from windows and doors. Do not run a generator inside

your garage, even if the door is open.

• Stay away from downed wires. Report any downed wires

to authorities.

• Be ready if the heat stops working. Use extra layers

of clothes and blankets to stay warm. If you use an

emergency heat source, keep anything that can burn

at least 3 feet away.

• Turn portable heaters off when you leave the room.

Turn them off when you go to bed.

NATIONAL FIRE

PROTECTION ASSOCIATION

The leading information and knowledge resource

on fire, electrical and related hazards

important

reminder

There are more home fires

in winter than in any other

season. Half of all home

heating fires happen in

December, January

and February.

As you stay cozy

and warm this

winter season,

be fire smart!

Fact

Nearly half of

all space heater

fires involve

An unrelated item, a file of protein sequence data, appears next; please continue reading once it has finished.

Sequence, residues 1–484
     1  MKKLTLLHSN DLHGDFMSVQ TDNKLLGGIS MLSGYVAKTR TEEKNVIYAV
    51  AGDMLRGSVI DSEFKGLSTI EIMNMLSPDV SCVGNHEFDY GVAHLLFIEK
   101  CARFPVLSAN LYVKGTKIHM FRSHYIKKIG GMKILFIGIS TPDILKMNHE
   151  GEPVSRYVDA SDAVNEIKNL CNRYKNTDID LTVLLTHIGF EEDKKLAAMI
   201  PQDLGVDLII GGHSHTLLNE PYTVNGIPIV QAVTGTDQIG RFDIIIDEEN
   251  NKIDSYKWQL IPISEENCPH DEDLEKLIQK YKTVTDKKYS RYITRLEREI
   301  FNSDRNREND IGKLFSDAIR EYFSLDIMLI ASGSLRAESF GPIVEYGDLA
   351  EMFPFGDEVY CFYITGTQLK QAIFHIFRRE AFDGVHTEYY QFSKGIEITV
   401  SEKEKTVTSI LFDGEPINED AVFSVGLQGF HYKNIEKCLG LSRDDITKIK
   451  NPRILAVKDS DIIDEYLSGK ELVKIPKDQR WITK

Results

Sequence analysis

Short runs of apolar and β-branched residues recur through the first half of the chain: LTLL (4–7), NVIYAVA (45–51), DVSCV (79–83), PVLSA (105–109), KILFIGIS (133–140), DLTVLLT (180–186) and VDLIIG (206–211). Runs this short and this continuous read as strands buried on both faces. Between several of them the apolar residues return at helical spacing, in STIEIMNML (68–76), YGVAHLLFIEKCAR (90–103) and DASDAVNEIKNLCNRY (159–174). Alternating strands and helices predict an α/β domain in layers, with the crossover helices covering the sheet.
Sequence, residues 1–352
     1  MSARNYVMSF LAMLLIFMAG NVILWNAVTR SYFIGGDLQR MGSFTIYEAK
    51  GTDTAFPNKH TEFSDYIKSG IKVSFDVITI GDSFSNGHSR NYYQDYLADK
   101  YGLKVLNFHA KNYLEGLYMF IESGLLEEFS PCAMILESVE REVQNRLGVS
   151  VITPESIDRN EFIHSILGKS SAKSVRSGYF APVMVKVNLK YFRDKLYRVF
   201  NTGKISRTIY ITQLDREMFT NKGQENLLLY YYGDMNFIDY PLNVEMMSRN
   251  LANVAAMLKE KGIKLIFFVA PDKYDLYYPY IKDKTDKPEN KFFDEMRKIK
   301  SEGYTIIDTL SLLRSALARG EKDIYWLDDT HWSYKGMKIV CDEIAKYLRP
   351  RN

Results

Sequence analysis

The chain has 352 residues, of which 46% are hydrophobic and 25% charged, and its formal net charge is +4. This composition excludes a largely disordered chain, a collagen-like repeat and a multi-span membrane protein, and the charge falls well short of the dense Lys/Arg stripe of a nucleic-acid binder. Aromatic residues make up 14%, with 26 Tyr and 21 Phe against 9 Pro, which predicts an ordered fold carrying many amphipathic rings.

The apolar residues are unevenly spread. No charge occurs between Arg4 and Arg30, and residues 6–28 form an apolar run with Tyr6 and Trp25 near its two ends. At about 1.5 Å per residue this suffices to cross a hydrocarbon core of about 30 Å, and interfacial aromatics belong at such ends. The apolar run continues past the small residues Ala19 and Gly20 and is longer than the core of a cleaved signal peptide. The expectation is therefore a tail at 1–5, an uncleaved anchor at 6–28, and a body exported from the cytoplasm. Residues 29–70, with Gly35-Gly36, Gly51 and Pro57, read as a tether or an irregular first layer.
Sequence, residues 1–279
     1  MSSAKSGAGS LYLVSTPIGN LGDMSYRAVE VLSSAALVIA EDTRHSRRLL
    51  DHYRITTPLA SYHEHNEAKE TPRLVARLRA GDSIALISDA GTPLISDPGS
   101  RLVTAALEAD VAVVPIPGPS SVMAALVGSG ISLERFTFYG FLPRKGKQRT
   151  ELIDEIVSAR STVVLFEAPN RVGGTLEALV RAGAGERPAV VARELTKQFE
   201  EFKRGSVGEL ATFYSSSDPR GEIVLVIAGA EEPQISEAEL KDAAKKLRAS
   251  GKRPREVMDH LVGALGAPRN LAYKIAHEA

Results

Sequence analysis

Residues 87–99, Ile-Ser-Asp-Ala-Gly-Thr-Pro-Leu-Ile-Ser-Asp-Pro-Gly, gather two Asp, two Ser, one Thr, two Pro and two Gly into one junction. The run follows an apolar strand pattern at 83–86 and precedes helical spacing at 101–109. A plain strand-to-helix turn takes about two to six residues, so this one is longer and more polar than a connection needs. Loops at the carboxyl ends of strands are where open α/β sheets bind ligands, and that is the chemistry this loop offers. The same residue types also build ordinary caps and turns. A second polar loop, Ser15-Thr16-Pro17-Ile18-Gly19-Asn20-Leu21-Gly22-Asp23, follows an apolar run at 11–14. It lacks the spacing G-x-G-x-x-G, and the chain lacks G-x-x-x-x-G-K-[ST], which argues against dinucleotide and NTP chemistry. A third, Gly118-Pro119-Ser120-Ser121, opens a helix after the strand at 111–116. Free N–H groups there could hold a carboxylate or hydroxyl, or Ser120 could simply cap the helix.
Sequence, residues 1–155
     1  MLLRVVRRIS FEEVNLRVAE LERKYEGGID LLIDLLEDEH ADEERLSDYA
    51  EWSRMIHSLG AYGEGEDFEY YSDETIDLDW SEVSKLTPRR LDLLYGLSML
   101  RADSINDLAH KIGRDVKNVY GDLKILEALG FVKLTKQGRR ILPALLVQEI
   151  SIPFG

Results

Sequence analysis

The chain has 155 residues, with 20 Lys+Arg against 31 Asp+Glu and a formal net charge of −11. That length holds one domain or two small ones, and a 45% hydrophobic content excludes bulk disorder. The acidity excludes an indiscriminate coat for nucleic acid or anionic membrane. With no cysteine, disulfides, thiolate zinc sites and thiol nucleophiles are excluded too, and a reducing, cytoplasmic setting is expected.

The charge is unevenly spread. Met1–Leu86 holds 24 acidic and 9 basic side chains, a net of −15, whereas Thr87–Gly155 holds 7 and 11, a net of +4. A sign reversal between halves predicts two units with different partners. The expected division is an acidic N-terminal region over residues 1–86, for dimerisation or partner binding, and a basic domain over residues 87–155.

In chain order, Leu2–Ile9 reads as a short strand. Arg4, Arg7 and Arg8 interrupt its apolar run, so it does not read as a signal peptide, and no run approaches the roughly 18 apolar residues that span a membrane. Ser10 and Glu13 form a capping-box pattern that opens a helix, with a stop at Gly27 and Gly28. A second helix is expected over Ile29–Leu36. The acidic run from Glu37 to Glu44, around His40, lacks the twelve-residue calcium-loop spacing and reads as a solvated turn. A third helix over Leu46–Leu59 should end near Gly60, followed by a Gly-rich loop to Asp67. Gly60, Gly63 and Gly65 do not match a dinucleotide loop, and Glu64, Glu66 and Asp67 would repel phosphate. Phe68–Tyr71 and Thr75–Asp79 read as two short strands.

electric space

heaters.

Energy Savings Kits

Lower your energy bill and reduce your environmental impact with

an energy savings kit. Call your local community agency and you may

receive a FREE kit that includes energy-efficient ENERGY STAR®

certified LED bulbs, water-saving faucet aerators, an advanced power

strip and more. Plus, you’ll receive information on energy-saving

actions that can help you further reduce your energy expenses.

Contact your local community agency for eligibility details and ask for

your free kit to be mailed to your home. Once you have your kit, view

our short videos explaining how easy it is to install your new products.

Community Agencies

Eligible ComEd customers who own a single-family home,

manufactured home, town home or duplex can contact a local

community agency to get started. Tenants can apply with the

property owner’s permission. For a list of agencies in your area,

visit www.comed.com/WaysToSave/ForYourHome/Pages/

CommunityActionAgencies.aspx

For more information on ways you can reduce your energy bill, visit